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Archive for August, 2012

Thoughts on Verification: An Interview with JL Gray (part 3 of 3)

Monday, August 27th, 2012 by Alex Melikian

In part 3, JL and Alex discuss some of the methodologies, outside of, but complimentary to HVL technologies, such as continuous integration. Typical mistakes and growing pains of adopting HVL methodologies are also reviewed. Finally, JL discusses about his verification blog, along with the various discussions and debates it has generated.

Alex Melikian: Sometimes the verification work that we do isn’t just about coding and writing requirements, test benches and test cases, but it involves usually a lot more than that.  For example, setting up a compute farm. Very often, verification engineers are involved with putting the compute farms together or at least giving some feedback into how it should be assembled. The setup of an adequate revision control or other EDA related elements are other examples.  Is there any particular challenge you took on that was related to verification work, where a client didn’t expect you to take on but recognized the importance of it once completed?

JL Gray: Well, one of the things in that area is the introduction of continuous integration techniques. Backing up, I think the major problems that exist on projects, regardless of whether they are using constrained random verification or not, are the project planning and the methodologies employed to carry the planning out. For example, the division of labor between design and verification engineers is frequently sub-optimal. And engineers often make decisions for the purpose of guarding their turf that do not support the success of the project.  Another issue would be design engineers who make decisions without taking into account the impacts or consequences on verification. These are, I think, the biggest problems that are faced – nothing to do with whether you use constrained random test benches or not.


Thoughts on Verification: An Interview with JL Gray (part 2 of 3)

Friday, August 17th, 2012 by Alex Melikian

In part 2 of 3 of this conversation, JL and Alex talk over risks/reward involved with adopting an HVL workflow, as well as the diverging perspectives from management and engineers in a company. Also, they discuss the state of HVL technologies today and what might evolve from it next. Part 1 can be viewed here.

Alex Melikian: You bring up another hidden risk of not doing verification, negative cases that were unchecked in the design. Which once again comes back to our initial statement that unfortunately it sometimes takes a big and costly failure for some firms to realize that they do need verification, rather than taking a proactive stance and adopting it before the big costly failure happens.

JL Gray: But there is an interesting tradeoff though. I think there’s a big disconnect between the way that staff engineers view projects and the way that the senior management views projects. I often find that there’s a miscommunication that occurs there. The staff engineers are looking up and saying “if we would only just spend some money on this it would save us from so much pain” or we wouldn’t have to spend on so many re-spins on a chip. What are these guys in the senior management thinking? – They’re fools they don’t know what they’re doing.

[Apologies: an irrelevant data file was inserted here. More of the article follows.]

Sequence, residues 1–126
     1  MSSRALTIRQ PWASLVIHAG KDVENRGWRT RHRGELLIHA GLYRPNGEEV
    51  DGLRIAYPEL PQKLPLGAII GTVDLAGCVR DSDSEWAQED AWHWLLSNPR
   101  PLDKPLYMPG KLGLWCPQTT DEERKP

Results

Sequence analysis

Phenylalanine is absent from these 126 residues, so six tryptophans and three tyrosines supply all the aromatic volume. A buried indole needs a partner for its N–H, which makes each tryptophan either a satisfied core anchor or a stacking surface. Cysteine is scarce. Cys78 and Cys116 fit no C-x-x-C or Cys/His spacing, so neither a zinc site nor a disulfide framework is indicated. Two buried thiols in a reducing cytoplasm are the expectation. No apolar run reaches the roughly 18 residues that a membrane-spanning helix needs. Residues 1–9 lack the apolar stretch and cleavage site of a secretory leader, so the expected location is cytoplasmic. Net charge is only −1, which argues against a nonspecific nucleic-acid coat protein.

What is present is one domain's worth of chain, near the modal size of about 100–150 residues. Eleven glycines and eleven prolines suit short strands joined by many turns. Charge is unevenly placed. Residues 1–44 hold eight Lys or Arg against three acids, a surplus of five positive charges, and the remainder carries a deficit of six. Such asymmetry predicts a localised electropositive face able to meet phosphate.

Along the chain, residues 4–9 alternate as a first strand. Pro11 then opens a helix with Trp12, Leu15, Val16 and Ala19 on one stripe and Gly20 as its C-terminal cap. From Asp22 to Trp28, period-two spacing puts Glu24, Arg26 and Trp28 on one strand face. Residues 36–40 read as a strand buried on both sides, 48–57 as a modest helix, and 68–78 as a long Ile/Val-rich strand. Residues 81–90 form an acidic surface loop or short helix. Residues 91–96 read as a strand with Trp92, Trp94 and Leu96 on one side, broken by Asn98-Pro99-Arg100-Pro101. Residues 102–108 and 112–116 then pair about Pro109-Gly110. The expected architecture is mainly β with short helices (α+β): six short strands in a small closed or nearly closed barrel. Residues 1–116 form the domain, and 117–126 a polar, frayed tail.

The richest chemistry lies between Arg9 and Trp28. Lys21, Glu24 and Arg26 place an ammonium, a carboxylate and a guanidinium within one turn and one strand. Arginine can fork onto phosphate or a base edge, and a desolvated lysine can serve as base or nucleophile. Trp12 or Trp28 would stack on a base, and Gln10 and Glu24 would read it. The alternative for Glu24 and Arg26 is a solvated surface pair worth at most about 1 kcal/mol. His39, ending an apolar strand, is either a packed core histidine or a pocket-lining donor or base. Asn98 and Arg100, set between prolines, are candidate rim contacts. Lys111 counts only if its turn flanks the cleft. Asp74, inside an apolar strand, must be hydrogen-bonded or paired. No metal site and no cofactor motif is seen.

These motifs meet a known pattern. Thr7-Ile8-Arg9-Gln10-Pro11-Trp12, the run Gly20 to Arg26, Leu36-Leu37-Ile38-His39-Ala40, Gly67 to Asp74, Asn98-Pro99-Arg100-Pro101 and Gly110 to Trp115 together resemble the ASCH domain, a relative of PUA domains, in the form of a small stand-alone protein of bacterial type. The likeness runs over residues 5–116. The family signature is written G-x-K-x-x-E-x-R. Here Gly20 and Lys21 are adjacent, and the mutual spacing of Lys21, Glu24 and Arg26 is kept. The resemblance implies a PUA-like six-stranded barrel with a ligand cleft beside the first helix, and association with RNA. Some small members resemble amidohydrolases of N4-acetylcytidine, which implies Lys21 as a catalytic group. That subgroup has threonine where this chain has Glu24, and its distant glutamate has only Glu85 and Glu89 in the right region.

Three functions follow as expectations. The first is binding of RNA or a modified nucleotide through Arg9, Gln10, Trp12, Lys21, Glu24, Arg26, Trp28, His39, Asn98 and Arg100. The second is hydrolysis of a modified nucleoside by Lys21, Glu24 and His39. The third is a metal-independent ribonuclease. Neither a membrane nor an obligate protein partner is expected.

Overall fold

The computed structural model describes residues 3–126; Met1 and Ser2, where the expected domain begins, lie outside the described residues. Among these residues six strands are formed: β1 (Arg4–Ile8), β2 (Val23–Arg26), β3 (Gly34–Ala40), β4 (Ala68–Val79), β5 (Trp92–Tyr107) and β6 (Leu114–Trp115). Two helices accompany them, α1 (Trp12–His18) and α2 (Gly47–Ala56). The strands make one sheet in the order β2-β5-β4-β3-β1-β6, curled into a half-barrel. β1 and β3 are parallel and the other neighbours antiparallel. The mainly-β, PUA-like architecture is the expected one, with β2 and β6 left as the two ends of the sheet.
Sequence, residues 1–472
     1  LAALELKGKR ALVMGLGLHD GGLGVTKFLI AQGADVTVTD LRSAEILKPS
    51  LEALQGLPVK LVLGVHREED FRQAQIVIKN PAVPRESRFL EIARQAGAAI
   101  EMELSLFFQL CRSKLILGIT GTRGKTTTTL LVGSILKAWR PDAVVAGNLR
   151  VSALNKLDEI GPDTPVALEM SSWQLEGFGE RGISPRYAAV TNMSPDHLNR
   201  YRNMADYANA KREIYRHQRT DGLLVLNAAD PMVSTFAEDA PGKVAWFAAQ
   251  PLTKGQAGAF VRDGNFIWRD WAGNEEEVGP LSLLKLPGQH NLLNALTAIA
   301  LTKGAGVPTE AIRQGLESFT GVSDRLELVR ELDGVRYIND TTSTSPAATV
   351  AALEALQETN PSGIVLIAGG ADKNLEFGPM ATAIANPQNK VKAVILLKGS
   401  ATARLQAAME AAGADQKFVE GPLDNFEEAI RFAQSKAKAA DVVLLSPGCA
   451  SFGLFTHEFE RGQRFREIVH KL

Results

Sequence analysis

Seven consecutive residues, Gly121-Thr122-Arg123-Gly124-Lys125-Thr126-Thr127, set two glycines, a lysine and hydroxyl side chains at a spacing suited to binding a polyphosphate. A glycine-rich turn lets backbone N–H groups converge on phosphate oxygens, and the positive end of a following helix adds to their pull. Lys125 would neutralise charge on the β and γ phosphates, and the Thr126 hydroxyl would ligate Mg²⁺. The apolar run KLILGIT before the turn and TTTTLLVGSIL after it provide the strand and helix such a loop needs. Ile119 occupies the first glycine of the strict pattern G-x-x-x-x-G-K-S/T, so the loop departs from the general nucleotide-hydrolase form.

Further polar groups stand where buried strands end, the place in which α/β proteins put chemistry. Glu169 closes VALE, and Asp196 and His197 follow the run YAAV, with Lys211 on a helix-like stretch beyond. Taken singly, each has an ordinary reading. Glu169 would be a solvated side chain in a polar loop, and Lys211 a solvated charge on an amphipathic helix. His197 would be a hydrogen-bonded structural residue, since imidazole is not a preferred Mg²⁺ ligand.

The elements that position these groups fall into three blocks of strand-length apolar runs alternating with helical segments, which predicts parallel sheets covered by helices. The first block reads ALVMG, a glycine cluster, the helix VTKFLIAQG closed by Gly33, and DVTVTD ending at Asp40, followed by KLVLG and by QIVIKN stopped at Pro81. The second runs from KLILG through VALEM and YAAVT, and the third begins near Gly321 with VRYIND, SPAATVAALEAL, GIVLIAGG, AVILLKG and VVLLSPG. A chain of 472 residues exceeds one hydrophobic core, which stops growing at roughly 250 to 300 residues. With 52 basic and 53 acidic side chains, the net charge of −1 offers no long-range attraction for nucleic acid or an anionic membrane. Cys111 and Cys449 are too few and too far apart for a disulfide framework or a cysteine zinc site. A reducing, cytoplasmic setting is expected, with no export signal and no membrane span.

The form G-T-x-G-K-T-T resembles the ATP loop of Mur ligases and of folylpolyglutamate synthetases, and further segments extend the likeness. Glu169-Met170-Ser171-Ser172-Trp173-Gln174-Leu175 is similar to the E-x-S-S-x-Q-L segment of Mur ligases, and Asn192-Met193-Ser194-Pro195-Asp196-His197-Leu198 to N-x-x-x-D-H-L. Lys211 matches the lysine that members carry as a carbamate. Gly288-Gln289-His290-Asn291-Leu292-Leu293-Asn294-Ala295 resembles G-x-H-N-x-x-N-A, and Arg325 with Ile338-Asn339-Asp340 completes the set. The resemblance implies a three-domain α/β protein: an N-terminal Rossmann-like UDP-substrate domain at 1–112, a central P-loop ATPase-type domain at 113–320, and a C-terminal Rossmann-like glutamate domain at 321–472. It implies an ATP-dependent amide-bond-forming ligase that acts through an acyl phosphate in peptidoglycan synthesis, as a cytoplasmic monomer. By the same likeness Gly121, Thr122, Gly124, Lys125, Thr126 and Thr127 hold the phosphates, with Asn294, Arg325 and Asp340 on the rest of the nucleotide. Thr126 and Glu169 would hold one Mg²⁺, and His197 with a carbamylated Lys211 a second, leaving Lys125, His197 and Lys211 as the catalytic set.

Thoughts on Verification: An Interview with JL Gray (part 1)

Thursday, August 9th, 2012 by Alex Melikian

Verilab is pleased to introduce “Conversations About Verification”, a monthly publication featuring a discussion on VLSI verification topics. In this inaugural edition, Verilab consultant Alex Melikian discusses first experiences and adoptions of modern verification technologies with JL Gray, Vice President and General Manager, North America of Verilab.

In part 1, JL and Alex discuss about their first experiences involving advanced verification languages and methodologies. They also discuss why and how ASIC/FPGA development centers adopt and integrate Hardware Verification Languages (HVL) and related methodologies into their workflow. In addition, they also discuss some of the impediments as to why others hesitate to make the adoption.

Alex Melikian: Hi JL, thanks for participating in our inaugural conversation. Before we get things started maybe we should introduce ourselves to our readers. Since you’re the guest, go ahead first.

JL Gray: Sure. I’m JL at Verilab, I head up the North American operations. I also work with clients on coaching and consulting in the areas of verification planning, SystemVerilog, UVM, and other related types of verification activities. I’m also involved with the Accellera Verification IP Technical Subcommittee as a representative for Verilab. People can read up more about me through my bio.

AM: OK. I myself have been doing verification for about ten years now. I started out with Specman and was in the FPGA/ASIC department of a telecom company. The department was investigating new verification languages that were emerging and they assigned me on a team to do some research with Specman. That was my first taste of verification. It wasn’t like I had planned to specialize in verification when I graduated form university, the EDA industry had just started to produce concepts like functional coverage and the paradigm of verification into ASIC/FPGA development. But I found it to be a really powerful concept. It was a good balance between object-oriented software programming and low level HDL design. I found that really cool and I stuck with it. I have since moved on to learning and applying SystemC and SystemVerilog as well. What was your first experience with verification?

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